Lesotho is a small state in Southern Africa surrounded by South Africa, and its capital city, Maseru, is the only major settlement. Lesotho’s name means “the land of the Sothos,” a reference to the original ethnic group inhabiting the area.

The population of the country is just over two million. It makes Lesotho one of the least populated countries in Africa.

Lesotho boasts tall mountains and narrow valleys.

The country is known as the “Kingdom in the sky” for having the world’s highest lowest point of elevation at 1,400m. Lesotho also has 300 days of sunshine every year.

The mountains were the territory of the Khoisan-speaking hunter-gatherers during the Neolithic Period.

Moshhoeshoe I took control of Lesotho in the 19th century till it became a British protectorate.
The country went through decades of political and economic stability after gaining independence in 1966.

Later, it welcomed the modernization programs and flourished tourism and diamond industry which helped the country to get back up.

Today, Maseru is the capital city and one of the most attractive cities in Southern Africa.


South Africa encircles Lesotho by three of its provinces- KwaZulu-Natal, Eastern Cape, and Free State. Consequently, it heavily depends on its neighboring country for access to the outside world.

Two-thirds of the country comprises mountains. Its highest peak is Mount Ntlenyana (3,482 m above sea level).

The mountain soils of the country have a basaltic origin and are shallow. On the other hand, the lowlands have soils derived from underlying sandstone.


The rainy season in the country occurs between October and April and has a precipitation level of about 710 mm. The level of precipitation decreases as you move from east to west.

Summer has temperatures that reach as high as 32 degrees celsius in the lowlands. The temperature drops to -7 degrees celsius in the winter.

The highlands of Lesotho have temperatures that read below -18 degrees celsius.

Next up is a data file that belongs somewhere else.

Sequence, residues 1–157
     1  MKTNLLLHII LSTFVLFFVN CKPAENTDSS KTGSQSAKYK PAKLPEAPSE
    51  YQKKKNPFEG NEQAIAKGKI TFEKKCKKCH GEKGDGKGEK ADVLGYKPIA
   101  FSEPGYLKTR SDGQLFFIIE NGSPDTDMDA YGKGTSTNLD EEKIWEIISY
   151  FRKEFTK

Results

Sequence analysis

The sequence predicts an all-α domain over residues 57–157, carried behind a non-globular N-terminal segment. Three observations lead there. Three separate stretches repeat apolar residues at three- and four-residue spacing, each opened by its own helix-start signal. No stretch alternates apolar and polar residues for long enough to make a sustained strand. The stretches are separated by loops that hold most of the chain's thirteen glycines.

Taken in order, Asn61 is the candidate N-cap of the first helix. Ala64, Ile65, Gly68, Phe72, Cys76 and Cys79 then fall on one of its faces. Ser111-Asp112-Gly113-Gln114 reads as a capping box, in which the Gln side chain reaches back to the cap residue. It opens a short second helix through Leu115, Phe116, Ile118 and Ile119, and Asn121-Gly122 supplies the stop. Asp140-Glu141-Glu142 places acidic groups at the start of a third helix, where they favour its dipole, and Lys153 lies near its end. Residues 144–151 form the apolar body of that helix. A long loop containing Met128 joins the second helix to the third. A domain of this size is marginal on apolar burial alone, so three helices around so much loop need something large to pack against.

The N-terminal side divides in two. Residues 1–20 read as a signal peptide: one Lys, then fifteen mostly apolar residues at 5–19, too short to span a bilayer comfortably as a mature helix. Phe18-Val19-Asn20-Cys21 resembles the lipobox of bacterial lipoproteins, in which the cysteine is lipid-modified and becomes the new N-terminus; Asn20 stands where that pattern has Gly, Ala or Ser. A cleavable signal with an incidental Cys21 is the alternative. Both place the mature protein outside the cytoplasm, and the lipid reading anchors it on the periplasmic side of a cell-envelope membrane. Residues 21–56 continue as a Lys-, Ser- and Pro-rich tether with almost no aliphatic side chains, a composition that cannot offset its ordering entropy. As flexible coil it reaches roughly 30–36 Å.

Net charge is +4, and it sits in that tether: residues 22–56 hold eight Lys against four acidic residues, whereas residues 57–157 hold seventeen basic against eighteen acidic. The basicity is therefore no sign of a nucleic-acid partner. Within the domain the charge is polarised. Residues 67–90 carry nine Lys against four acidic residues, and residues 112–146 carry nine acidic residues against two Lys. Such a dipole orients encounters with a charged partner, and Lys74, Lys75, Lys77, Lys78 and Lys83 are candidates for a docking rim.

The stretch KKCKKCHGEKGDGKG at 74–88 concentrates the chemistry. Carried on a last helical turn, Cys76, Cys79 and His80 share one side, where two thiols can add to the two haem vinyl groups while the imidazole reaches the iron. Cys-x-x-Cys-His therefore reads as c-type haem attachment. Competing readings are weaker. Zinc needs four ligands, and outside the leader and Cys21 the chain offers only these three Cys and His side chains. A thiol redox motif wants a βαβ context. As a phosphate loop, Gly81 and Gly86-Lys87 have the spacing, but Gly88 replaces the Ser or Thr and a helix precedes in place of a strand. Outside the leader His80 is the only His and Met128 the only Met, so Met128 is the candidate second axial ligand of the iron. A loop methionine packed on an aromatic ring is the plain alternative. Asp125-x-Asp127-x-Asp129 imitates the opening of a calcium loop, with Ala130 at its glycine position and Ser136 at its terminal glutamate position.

Nature and Wildlife

The country’s vicinity is filled with grasses and trees. Some of the indigenous trees you can find in Lesotho are Cape willows, wild olives, and cheche bush. The cooler, wet areas houses varieties of aloes.

The country’s flora has drastically reduced due to overgrazing, soil erosion, and overutilization. For this, reforestation programs have been conducted.

In terms of wildlife, hunting and deforestation have eliminated most of the large mammals. Today, only hares, antelope, hyrax, leopards, reedbuck, and dassie can be found.

The county’s national parks also protect bird species such as the raptors, bearded vultures, or lammergeier.

The country’s rivers are home to yellowfish, trout, and North African catfish, and Maloti minnow.


The largest ethnic group of Lesotho is the Sotho group (also called Basotho). They were united by a common loyalty to the Moshoeshoe I.

The country also houses the Zulu minority. Lesotho is also home to Asian and European communities that have immigrated to the country as expatriate teachers, aid workers, development advisers, and missionaries.

The main languages spoken in Lesotho belong to the members of the Niger-Congo language family.

Sotho is a Bantu language spoken by most people even though English is also the country’s official language.

Few people also speak Zulu.

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